Alliance/Shutterstock
Source: Alliance/Shutterstock

A friend of mine came back from one of those crazy obstacle races and commented, “I’m finally used to walking around with my shoes, socks, and feet soaking wet and cold.” He said that when he first started exercising outside he had no tolerance for cold, wet shoes and socks but now that he’s had to run through swamps and mud puddles, it’s no big deal: He hardly notices.

This got me to wondering if the real reason we don't exercise is our desire to avoid any experience of discomfort. People often say they don’t exercise because they have no time, but in the same breath talk about how much they want to get healthy, and how much they believe exercise is the path to better health. It's a puzzling contradiction—or is it?

Theories of human behavior have long shown that immediate experience often outweighs future rewards. What this means is that it is hard to do something uncomfortable even if it earns us something good later.

Exercise is uncomfortable—uncomfortable relative to our typical reality, that is. We live in a society where we keep the indoor temperature adjusted to perfection all year round, wrap ourselves in soft clothing, wear thick-soled shoes to protect our feet from harm, lay on cushy beds draped in poofy covers, and shower and scrub with warm water and soap every single day. Is all of this First-World pampering making us intolerant to even mild physical discomfort? Maybe exercise isn't too uncomfortable—maybe our everyday lives are a little too comfortable.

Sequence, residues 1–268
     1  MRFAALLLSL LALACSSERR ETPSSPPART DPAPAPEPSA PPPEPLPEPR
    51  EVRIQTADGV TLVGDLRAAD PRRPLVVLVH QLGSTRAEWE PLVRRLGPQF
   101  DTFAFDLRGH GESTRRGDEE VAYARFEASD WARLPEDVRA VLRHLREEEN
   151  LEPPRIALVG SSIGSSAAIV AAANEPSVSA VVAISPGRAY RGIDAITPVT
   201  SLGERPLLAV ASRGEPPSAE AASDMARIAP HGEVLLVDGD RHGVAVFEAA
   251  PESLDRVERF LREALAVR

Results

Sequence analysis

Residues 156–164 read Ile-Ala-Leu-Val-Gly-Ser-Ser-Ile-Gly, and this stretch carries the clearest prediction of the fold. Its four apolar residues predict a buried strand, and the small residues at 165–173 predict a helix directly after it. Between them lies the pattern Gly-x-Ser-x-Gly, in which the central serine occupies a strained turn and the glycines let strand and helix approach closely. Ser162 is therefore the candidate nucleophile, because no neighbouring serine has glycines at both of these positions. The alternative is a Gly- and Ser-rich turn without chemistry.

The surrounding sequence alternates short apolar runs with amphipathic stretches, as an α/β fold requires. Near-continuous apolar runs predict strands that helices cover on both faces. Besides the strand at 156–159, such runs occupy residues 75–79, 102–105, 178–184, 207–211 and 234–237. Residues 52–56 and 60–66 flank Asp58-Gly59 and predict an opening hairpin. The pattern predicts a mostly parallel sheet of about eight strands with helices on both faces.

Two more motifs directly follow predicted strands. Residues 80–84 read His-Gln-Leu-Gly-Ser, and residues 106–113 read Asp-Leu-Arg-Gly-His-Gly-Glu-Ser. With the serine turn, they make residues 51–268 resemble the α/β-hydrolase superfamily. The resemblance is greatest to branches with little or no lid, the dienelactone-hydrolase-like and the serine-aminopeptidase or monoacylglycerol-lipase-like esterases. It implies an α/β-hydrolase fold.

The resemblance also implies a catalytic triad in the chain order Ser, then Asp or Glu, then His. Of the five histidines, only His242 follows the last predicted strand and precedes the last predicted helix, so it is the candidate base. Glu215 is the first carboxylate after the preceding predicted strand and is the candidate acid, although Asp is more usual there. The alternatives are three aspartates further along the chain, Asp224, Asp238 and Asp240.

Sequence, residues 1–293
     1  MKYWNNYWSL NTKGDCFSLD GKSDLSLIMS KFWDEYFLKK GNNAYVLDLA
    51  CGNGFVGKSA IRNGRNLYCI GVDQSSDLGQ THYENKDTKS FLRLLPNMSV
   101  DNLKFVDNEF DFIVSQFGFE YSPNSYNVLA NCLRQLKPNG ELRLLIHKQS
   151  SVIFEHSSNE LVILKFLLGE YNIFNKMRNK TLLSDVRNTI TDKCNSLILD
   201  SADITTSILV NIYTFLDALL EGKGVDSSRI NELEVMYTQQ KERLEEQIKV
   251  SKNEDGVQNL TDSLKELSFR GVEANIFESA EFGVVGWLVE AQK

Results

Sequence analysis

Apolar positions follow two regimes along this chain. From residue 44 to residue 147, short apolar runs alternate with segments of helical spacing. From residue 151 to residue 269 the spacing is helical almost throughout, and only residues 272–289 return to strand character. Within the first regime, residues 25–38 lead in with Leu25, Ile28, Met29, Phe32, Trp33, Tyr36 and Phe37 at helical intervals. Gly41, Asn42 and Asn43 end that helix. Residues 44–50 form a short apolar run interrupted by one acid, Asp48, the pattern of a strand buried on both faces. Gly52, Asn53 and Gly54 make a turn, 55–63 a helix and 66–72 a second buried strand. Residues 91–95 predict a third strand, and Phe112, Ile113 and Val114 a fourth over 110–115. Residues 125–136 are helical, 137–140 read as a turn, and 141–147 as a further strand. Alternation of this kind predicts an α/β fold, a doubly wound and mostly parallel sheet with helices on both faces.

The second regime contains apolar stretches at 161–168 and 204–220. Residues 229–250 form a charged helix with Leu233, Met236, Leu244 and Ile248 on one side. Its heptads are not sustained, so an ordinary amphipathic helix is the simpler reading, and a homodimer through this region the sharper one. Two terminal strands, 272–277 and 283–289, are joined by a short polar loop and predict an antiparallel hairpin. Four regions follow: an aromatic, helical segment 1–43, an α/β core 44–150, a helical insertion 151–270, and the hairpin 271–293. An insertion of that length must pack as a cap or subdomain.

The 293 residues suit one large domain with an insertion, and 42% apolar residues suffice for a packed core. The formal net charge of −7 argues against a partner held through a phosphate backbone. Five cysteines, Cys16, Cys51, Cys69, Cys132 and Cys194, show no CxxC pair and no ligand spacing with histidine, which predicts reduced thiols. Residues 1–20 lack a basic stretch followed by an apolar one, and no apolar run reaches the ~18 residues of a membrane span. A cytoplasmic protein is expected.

Here are many of the discomforts I have heard people (myself included!) blame on exercise:

  • I hate sweating.
  • I hate being too hot.
  • I hate being too cold.
  • I hate being out of breath.
  • I hate when my hair gets messed up.
  • I hate sore muscles.
  • I hate blisters and calluses.
  • I hate getting wet in the rain.
  • I hate getting out of bed when it’s dark and cold.
  • I hate going out at night when it’s dark and cold.
  • I hate getting dirty.
  • I hate working out in front of people at the gym.

Yes, all of these things are uncomfortable. But as my friend realized, what is uncomfortable today may hardly be noticeable later. after you've experienced that discomfort over and over again. I challenge you to challenge yourself to confront a discomfort that's prevented you from exercising.

  • Go for a walk in the rain—with no umbrella!
  • Get sweaty.
  • Get snowed on.
  • Get out of breath.
  • Get a blister.
  • Get dirty.

When you are all done powering through the discomfort, waiting for you should be a huge sense of accomplishment, and a huge step forward on the path to good health (plus a hot shower, warm clothes, a warm home, and a snuggly bed).

Our comforts will always be there, but step outside of them once in a while and maybe you'll find it's not so bad after all.

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